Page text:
Sony DSC-F1

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The DSC-F1 is a early digital camera introduced in 1996 from Sony. This camera is often said to be the first Cybershot camera, but that branding is not used on the camera, packaging or documentation. The similar updated F2 model does have the CyberShot branding.

It features a 350,000 pixel 1/1.3" CCD sensor, producing color photos with a maximum resolution of 640 x 480. Images are stored in JPEG format. The fixed focus lens is a Sony Video Lens 4.8mm f/2 at a 35mm equivalent. It is mounted on a 180 degree rotating platform. It is able to focus from 0.7m to infinity and in macro mode from 0.08 to 0.25m. The built-in flash has a maximum distance of 3m. There is 4MB of built-in memory which can store 58 pictures in standard mode, 30 in fine and 108 in snapshot mode. Along with the optical finder, the viewing system include a 61,380 dot 1.8" color LCD screen. The camera seem to have been designed for left handed users as a majority of the buttons are on the left side of the body. It uses a jog wheel style control system (again on the left) for manipulating the the user interface. The right of the body has the function dial knob and the shutter release. For connectivity, it uses a 9 pin connector based on RS232 protocol. IrDA inferred is also supported. Power is with a rechargeable 3.6v lithium ion LIP-10 battery.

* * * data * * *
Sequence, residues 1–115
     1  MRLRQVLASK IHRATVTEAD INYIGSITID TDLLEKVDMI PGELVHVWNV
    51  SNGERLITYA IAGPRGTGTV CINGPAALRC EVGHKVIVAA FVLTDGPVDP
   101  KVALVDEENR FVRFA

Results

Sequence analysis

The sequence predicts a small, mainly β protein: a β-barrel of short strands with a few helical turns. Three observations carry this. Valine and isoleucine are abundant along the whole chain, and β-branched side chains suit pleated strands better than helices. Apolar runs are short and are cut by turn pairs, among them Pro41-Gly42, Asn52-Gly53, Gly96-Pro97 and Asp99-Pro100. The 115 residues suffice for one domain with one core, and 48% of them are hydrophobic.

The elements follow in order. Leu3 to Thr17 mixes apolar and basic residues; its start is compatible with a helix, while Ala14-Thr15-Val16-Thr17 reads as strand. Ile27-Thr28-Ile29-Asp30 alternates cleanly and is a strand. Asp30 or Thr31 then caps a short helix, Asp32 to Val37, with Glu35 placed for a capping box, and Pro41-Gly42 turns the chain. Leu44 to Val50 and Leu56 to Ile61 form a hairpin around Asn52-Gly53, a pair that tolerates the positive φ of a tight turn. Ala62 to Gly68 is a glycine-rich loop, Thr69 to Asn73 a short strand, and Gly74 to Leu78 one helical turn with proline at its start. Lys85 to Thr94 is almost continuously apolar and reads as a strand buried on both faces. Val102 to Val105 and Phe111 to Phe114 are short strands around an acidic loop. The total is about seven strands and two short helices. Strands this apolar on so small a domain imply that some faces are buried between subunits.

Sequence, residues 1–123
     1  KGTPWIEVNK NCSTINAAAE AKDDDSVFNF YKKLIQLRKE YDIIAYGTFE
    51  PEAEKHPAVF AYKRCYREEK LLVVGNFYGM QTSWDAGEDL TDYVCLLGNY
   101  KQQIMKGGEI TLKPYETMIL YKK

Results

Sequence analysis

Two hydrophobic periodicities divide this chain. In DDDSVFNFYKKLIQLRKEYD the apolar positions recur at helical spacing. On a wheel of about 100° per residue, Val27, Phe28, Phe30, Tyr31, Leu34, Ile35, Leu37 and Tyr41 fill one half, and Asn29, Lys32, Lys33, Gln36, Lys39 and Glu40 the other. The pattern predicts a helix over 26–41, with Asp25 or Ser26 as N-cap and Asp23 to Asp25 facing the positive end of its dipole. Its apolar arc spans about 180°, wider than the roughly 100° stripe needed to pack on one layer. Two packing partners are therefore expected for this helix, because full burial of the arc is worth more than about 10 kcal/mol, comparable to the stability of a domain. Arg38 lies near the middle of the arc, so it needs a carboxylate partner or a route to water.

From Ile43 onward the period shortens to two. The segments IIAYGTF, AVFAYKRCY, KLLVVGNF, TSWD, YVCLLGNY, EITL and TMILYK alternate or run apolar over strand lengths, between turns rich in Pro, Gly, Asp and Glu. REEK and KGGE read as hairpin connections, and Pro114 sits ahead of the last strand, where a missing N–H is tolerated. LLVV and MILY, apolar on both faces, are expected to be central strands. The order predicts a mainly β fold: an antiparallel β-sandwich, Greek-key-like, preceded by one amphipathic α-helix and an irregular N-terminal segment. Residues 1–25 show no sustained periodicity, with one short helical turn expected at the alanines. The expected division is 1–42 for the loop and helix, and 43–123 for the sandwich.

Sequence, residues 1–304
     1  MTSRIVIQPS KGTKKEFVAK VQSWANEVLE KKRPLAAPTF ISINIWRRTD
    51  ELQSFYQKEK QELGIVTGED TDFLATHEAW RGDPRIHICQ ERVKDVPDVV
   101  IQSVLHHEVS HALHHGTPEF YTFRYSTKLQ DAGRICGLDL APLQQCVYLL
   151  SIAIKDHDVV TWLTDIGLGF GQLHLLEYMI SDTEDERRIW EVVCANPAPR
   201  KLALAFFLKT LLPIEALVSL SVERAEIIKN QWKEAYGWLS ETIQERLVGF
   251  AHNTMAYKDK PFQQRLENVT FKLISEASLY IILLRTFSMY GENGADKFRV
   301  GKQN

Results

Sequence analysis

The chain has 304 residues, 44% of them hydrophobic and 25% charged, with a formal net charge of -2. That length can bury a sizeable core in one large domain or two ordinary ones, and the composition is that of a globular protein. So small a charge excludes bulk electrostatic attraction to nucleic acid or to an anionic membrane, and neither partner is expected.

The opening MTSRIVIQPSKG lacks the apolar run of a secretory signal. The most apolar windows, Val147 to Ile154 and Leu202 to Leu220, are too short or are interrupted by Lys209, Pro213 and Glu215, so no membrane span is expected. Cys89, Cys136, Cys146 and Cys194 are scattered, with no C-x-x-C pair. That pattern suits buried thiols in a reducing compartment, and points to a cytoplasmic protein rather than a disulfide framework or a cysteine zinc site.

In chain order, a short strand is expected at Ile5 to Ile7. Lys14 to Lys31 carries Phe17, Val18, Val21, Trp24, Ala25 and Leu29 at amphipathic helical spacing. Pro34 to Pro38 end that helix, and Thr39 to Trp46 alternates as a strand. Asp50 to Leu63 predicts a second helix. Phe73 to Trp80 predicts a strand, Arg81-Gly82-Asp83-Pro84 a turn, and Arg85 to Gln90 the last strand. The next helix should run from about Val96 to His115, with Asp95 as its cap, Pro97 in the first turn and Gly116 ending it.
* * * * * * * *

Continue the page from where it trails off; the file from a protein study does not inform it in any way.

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In early 1997, an updated model was available in some regions called the DSC-F2. There is not a significant change in specifications to this camera. It is indeed an improved model that is a bit faster and more responsive. Battery consumption has also been improved slightly. In late 1997 another update was released called Cyber-shot DSC-F3.